Enduring Myths about U.S. Middle East Policy

(Newsweek-Europe) Aaron David Miller - One enduring and pernicious myth about the Middle East is that there are comprehensive solutions to the region's problems. No there aren't. We are dealing with problems that require careful and extended management because there are no quick or easy resolutions. Even the Obama administration's signal but highly flawed achievement - the Iranian nuclear agreement - is an arms control accord limited in time and scope with no guarantees or assurances that Iran's nuclear weapons aspirations have been laid to rest. Another myth is that America has the answers. No we don't. The Middle East is a broken, angry and dysfunctional region where an absence of leadership, effective institutions, coherent governance, and presence of sectarian, regional, and religious rivalries have combined to guarantee continued instability. Should Israeli-Palestinian peace be a top priority for the next administration? No it shouldn't. Not only is the conflict impossible to resolve right now, the issue is not the most pressing priority for the U.S. in the region. Nor are the Arab states - now far more preoccupied with the challenge from Iran and the Sunnis jihadis - all that focused on the Palestinian issue. The writer, vice president for New Initiatives at the Wilson Center, is a former advisor to U.S. secretaries of state on Arab-Israeli negotiations (1978-2003).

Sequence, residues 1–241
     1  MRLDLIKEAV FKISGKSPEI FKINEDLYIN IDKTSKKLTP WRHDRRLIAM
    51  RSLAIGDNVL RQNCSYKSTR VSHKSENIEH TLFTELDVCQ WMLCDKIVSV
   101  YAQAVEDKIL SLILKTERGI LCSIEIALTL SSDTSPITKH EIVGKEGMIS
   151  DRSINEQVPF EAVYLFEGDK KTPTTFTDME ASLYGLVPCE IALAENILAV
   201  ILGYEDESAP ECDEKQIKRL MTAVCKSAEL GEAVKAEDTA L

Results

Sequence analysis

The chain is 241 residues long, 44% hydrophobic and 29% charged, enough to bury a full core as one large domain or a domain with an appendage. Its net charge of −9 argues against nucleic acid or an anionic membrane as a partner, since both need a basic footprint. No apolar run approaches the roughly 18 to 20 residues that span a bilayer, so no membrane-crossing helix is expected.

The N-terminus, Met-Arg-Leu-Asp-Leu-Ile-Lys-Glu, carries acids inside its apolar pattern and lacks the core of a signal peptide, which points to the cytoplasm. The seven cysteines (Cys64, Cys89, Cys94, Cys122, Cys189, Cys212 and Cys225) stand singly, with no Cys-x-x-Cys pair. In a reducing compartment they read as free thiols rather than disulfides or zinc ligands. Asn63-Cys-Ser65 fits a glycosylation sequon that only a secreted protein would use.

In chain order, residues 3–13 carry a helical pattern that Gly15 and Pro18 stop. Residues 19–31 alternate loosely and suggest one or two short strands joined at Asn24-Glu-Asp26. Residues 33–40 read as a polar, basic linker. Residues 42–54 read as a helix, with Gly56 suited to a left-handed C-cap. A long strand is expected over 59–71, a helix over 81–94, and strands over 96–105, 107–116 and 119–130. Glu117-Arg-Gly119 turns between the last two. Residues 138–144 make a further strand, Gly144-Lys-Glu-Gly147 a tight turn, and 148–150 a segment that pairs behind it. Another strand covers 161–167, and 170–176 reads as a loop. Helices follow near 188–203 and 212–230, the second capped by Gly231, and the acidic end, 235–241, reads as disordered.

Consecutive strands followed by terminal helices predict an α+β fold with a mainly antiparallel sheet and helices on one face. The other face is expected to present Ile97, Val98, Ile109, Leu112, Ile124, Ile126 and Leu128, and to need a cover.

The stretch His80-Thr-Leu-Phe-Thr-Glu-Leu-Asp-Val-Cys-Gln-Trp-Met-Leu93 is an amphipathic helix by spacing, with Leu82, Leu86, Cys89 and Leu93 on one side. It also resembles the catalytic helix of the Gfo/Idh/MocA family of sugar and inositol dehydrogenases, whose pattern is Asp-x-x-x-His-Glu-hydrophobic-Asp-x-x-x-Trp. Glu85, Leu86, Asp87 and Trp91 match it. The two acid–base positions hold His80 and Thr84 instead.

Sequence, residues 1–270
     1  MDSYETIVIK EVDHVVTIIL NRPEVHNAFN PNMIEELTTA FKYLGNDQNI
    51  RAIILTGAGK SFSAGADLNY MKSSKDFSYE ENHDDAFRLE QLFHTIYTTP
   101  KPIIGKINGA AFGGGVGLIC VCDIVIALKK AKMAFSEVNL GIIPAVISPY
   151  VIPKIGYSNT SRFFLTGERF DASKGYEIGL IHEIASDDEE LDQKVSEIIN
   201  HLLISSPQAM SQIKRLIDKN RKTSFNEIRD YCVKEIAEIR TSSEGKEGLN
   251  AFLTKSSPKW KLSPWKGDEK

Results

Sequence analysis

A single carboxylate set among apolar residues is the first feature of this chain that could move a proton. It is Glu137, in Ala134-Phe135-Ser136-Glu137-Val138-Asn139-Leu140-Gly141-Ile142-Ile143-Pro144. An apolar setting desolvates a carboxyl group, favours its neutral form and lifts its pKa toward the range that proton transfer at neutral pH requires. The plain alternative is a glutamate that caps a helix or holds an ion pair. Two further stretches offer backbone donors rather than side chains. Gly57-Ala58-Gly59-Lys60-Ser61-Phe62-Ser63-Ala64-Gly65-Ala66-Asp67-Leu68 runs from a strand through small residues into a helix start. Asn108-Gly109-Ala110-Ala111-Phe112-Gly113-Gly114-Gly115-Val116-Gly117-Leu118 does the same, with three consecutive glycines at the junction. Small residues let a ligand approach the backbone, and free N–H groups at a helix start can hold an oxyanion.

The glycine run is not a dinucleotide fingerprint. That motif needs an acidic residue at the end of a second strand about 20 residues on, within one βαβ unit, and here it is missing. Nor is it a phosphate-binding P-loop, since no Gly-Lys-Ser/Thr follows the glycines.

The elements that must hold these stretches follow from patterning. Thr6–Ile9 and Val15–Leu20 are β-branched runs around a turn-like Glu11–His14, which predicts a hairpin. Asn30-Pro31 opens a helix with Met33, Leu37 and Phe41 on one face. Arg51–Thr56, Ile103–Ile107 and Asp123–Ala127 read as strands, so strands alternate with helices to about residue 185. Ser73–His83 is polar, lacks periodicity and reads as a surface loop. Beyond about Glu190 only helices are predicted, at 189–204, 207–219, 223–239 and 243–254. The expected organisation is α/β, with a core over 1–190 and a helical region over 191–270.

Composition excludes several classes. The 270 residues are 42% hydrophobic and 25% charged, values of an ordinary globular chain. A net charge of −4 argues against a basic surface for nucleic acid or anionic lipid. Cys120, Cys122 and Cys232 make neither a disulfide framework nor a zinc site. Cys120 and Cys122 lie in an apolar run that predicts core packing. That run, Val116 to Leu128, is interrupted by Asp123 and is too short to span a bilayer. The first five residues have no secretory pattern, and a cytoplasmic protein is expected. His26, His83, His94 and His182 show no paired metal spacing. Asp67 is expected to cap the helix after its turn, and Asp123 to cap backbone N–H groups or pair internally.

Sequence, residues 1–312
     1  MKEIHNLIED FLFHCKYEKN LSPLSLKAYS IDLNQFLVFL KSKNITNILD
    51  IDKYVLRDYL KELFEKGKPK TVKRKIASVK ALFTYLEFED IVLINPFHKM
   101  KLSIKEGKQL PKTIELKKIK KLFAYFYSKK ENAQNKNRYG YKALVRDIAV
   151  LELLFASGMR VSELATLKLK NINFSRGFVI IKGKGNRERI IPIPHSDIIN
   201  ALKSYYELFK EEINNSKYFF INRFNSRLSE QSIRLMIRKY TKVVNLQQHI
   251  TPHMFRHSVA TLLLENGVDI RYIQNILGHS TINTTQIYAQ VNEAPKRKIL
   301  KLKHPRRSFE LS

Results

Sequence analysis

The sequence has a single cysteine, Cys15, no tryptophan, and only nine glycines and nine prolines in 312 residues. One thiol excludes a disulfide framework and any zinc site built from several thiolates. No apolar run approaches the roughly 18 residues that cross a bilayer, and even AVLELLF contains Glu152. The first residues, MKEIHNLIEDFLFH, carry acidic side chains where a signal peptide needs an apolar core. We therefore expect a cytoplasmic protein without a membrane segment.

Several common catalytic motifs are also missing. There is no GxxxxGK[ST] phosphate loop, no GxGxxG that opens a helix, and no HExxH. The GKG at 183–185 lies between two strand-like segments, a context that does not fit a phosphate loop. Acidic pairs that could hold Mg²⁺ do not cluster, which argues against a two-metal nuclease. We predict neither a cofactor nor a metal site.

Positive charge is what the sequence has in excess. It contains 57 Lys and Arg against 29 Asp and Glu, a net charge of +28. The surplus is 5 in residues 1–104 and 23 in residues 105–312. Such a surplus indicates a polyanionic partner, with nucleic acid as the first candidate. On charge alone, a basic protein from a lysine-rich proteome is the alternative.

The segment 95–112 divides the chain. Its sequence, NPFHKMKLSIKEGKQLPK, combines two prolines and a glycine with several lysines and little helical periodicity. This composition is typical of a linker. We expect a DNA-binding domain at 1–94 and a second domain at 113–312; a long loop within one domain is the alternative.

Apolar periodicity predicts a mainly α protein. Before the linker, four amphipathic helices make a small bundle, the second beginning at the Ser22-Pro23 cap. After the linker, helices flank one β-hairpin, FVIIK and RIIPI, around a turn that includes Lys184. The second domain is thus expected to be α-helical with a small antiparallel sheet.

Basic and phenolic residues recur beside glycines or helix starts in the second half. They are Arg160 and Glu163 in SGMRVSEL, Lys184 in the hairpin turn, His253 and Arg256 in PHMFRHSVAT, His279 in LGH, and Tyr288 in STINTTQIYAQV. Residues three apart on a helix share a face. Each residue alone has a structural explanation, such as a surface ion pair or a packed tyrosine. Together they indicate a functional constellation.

2016-08-03 00:00:00

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